By J. B. Zirker
Magnetic fields permeate our giant universe, urging electrically charged debris on their classes, powering sun and stellar flares, and focusing the serious task of pulsars and neutron stars.Magnetic fields are present in each nook of the cosmos. for many years, astrophysicists have pointed out them via their results on noticeable mild, radio waves, and x-rays. J. B. Zirker summarizes our deep wisdom of magnetism, pointing to what's but unknown approximately its astrophysical functions. In transparent, nonmathematical prose, Zirker follows the path of magnetic exploration from the auroral belts of Earth to the farthest reaches of area. He courses readers on a desirable trip of discovery to appreciate how magnetic forces are created and the way they form the universe. He offers the old heritage had to delight in interesting new learn through introducing readers to the good scientists who've studied magnetic fields. scholars and beginner astronomers alike will savor the readable prose and accomplished assurance of The Magnetic Universe. (June 2010)
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Additional resources for The Magnetic Universe: The Elusive Traces of an Invisible Force
In shear (S) waves, the particles oscillate perpendicular to the wave’s direction. Solid rock can transmit both types, but molten rock can transmit only the P wave, because two sliding layers can couple only weakly. Both types of waves are reflected and refracted as they pass between layers of different temperature and composition. 22 THE MAGNETIC UNIVERSE Richard D. Oldham, an Irish geologist, was the first to identify such waves. In 1906 he noticed a “shadow zone” on the hemisphere opposite an earthquake, in which P waves were excluded.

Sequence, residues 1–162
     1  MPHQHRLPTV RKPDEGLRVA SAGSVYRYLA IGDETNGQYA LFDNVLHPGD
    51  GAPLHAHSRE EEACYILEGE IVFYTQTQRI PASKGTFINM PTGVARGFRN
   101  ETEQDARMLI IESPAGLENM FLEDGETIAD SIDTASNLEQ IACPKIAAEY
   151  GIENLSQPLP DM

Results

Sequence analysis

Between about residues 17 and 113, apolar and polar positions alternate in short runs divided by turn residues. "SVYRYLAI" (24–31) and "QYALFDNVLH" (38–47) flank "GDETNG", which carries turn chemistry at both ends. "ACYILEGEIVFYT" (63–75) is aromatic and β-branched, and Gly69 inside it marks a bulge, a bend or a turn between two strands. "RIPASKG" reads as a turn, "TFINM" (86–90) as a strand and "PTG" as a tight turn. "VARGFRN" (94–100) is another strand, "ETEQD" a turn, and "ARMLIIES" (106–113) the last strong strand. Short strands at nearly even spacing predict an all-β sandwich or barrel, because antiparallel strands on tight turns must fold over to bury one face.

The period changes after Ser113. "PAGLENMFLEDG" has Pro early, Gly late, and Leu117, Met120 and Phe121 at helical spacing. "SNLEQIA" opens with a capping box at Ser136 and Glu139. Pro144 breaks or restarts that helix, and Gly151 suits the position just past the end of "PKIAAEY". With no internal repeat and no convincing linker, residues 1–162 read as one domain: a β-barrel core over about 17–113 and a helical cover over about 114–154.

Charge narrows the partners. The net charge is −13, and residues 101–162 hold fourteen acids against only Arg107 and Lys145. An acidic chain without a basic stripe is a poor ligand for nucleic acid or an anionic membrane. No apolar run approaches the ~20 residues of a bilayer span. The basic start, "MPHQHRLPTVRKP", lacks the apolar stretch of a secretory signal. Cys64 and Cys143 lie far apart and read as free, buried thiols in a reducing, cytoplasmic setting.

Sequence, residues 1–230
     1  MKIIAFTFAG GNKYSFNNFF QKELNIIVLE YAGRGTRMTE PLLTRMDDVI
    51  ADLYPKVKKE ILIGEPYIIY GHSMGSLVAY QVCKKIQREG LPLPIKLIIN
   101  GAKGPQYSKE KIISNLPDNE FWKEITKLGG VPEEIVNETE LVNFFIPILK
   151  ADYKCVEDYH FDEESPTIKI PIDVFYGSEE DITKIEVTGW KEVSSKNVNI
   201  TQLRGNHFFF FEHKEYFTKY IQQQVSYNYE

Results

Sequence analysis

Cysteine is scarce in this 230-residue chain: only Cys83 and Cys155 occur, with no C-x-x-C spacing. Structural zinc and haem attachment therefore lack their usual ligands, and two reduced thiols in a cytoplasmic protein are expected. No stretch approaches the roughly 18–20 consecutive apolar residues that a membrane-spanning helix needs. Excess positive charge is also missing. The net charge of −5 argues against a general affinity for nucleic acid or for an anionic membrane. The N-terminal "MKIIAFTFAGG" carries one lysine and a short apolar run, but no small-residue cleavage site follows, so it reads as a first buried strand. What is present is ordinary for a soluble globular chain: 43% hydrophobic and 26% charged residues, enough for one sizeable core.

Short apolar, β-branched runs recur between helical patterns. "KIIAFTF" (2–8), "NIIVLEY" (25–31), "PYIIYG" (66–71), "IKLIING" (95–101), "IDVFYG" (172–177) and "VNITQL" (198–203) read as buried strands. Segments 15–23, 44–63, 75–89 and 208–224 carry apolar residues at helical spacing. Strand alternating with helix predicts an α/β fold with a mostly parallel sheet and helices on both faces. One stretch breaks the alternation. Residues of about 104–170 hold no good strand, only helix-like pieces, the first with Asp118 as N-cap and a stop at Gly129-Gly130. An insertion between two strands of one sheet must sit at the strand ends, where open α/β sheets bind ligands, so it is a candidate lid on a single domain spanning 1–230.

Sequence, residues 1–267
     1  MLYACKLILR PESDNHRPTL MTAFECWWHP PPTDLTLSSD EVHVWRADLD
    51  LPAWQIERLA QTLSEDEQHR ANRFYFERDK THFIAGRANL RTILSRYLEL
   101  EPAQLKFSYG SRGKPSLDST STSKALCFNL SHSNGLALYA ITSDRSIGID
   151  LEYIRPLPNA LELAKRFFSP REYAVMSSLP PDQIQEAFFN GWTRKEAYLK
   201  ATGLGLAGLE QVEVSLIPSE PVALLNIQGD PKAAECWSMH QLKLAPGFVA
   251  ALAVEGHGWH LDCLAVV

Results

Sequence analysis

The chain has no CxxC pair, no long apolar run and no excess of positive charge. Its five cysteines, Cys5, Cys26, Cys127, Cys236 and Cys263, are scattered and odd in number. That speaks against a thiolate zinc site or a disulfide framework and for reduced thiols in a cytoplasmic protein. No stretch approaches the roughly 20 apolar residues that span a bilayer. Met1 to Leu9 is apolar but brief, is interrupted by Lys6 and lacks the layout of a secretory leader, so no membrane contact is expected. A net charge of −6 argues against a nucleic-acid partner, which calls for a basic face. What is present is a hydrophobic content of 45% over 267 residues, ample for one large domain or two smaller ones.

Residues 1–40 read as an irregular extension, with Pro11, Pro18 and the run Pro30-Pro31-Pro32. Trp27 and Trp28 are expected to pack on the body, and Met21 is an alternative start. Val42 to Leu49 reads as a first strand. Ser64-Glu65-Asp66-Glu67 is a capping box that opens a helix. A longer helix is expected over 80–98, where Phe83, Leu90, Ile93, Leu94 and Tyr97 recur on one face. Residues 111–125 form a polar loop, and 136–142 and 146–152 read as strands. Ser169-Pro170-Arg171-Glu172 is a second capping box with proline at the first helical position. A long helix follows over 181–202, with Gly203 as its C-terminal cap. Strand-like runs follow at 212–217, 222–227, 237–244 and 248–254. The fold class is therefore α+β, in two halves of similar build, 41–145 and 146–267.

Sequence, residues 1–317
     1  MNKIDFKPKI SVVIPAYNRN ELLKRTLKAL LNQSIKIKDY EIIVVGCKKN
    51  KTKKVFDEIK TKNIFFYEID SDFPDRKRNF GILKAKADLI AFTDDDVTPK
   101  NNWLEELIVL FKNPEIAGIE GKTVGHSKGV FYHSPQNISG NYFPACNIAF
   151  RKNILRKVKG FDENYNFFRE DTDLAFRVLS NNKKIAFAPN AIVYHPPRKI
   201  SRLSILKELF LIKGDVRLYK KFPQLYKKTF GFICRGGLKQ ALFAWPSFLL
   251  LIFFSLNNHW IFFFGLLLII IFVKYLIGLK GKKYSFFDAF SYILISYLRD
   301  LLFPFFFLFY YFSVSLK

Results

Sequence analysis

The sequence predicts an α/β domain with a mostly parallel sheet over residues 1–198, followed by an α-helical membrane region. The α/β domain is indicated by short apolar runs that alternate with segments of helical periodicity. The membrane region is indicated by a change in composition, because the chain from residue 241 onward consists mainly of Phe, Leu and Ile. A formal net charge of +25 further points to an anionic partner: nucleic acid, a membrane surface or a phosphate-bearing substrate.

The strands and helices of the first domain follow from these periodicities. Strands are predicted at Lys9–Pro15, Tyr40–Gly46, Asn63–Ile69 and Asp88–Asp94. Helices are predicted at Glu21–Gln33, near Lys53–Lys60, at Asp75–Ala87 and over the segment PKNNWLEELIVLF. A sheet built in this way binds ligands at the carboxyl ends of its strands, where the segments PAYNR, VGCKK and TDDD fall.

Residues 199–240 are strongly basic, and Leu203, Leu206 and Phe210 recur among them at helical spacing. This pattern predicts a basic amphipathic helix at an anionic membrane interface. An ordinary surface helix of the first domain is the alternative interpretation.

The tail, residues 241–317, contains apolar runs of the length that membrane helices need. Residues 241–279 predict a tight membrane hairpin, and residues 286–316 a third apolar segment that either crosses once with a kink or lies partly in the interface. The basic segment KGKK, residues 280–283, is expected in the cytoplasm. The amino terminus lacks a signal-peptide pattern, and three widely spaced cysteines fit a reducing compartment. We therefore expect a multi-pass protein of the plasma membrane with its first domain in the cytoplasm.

But I digress. Let’s return to the serious search for an understanding of the cycle. MODELS OF THE SOLAR CYCLE We saw in chapter 2 how theorists such as Edward Bullard, Walter Elsasser, and Eugene Parker developed the outlines of a theory for the maintenance of the Earth’s magnetic field. They proposed that the field is generated by a selfexcited dynamo in the Earth’s liquid metal core. The rotation of the electrically conducting core through an existing poloidal field would generate a toroidal field.
It was devastating. Progress in explaining the Earth’s field stalled until geophysicists learned much more about the interior of the Earth. A S M AT T E R I N G O F S E I S M O L O G Y Sir Isaac Newton made the first important discovery about the Earth’s interior. Using his studies of the force of gravity, he was able to calculate that the average density of the Earth is more than twice that of the rocks at the surface. That meant that the Earth has a dense core. Seismologists, who study the waves that earthquakes produce, eventually confirmed the existence of a core and gave us good estimates of its size and composition.